Hold Off On IP Holding Companies?

I have an IP holding company which owns all my patents and licenses them to my startup. I am deep in diligence with a potential Series A investor who says it will not invest unless I assign all my patents into the company first. Can I avoid doing this?

Absent a few unusual scenarios which I will address shortly, I am with the investor on this one. Few investors will invest in a company which does not have full title to and ownership of the intellectual property it needs to operate, with some exceptions.

What if you leave the company? Does the license expire? Even if it does not, can you play games with the patent and use it as leverage later? Who will maintain the patent and prosecute it worldwide (and who makes those decisions if you and the company are not aligned on strategy)? What if the patent must be defended or enforced? Who pays for it and who controls the legal decisions and strategy? If the company is sold later, can it be sold for full value without ownership of its core assets? Who owns improvements to the licensed patents? Is money being extracted from the operating company to pay for the “license” which otherwise would go to operations and growth? Some of these points are not merely business points, but can have serious legal implications for the ability of the startup to enforce its rights and protect its market if not handled correctly.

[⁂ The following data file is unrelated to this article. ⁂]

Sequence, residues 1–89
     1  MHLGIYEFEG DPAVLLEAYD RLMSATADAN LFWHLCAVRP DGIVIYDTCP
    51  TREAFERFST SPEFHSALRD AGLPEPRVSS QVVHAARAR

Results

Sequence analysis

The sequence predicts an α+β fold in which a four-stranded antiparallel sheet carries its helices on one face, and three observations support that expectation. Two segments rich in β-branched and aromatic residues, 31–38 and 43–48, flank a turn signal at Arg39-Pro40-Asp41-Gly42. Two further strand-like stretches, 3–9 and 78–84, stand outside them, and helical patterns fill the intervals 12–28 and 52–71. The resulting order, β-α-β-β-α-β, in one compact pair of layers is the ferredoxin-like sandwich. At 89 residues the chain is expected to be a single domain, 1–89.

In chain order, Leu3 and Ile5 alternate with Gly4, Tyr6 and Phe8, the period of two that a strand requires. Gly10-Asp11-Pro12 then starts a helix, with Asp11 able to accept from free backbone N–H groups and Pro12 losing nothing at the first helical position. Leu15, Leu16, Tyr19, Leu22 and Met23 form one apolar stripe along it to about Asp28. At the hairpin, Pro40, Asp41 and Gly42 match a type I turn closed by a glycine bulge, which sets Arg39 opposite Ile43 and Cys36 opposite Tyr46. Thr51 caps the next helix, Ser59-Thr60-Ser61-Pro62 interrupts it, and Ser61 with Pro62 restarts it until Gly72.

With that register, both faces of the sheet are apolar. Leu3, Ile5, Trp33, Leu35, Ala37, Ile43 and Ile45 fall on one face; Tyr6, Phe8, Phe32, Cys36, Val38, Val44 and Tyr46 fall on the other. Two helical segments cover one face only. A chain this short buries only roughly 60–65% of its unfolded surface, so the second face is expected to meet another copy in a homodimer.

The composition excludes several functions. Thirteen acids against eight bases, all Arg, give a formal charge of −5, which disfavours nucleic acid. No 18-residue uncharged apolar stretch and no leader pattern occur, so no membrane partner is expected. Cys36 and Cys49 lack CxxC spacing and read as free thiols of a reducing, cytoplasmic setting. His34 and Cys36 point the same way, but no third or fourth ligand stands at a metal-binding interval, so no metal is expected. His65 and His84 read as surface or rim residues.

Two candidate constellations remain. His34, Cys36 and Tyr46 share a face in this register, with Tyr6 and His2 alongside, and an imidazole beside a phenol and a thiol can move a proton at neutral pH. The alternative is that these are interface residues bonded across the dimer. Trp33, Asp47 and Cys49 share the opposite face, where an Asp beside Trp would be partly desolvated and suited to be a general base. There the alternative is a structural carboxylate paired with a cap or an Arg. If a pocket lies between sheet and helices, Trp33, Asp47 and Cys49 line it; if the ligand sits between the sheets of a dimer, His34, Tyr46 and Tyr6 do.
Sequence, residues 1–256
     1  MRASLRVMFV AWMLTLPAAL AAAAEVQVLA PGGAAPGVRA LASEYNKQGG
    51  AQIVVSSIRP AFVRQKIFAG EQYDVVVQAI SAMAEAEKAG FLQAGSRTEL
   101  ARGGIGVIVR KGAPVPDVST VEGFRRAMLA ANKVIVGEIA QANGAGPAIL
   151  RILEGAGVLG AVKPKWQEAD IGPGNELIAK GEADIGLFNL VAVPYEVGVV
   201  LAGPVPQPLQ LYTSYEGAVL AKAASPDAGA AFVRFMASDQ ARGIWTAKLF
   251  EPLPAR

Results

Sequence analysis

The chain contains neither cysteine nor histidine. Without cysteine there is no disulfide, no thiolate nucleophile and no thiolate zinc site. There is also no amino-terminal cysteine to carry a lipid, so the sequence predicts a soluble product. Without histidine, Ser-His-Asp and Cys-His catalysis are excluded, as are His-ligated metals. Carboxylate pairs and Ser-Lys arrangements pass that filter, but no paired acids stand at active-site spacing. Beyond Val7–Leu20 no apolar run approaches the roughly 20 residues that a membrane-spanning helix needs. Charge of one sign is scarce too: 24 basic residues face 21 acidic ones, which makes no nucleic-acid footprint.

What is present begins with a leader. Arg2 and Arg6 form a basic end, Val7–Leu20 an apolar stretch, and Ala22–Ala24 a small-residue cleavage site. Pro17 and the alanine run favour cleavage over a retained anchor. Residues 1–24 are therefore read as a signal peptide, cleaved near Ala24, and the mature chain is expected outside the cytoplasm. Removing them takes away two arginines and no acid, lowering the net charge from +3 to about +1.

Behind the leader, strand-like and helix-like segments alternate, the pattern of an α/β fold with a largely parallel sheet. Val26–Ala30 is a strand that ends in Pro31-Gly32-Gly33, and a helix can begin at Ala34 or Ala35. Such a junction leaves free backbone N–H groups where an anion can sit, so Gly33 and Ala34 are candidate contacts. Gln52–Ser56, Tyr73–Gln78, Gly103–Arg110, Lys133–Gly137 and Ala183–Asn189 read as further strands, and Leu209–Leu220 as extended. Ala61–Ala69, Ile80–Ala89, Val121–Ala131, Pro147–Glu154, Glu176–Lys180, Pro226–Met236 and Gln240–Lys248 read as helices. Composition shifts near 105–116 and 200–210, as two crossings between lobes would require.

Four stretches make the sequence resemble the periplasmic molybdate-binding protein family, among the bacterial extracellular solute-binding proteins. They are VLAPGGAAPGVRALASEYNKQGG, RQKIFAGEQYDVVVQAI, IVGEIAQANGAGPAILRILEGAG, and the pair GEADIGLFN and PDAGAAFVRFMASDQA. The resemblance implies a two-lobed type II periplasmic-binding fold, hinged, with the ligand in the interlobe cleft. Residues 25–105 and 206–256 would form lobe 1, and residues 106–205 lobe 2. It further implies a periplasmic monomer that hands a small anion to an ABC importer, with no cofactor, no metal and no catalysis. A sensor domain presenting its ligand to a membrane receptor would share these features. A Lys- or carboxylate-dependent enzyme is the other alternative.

Sometimes it does make sense for a founder to retain patents in a holding company. The most common reason is that the patent rights have multiple, compelling applications in different fields, each of which should be exploited by a separate operating company. In these cases, you can justifiably create multiple “field of use” licenses. You still need to address all the concerns above so investors know they are getting almost the equivalent of full ownership without the potential for games. Often, an investor will demand some ownership and control in the holding company and the decisions it makes about the patent rights.

There are other reasons why a startup may not own its patents even though one of the founders is the inventor. One example is when the patent is owned by a university or a funded research entity, where the institution owns the rights. Investors are accustomed to licenses in these situations.

I am left wondering why you want to avoid assigning your patents to the company. Although some legitimate reasons may exist, the usual reason is the founder is not “all in” on the startup and wants to hedge her or his bets or have leverage over the investors later. I do not consider those valid reasons, at least if you want money from top professional investors.

See also: 2.103: Driving Innovation Through IP Strategy

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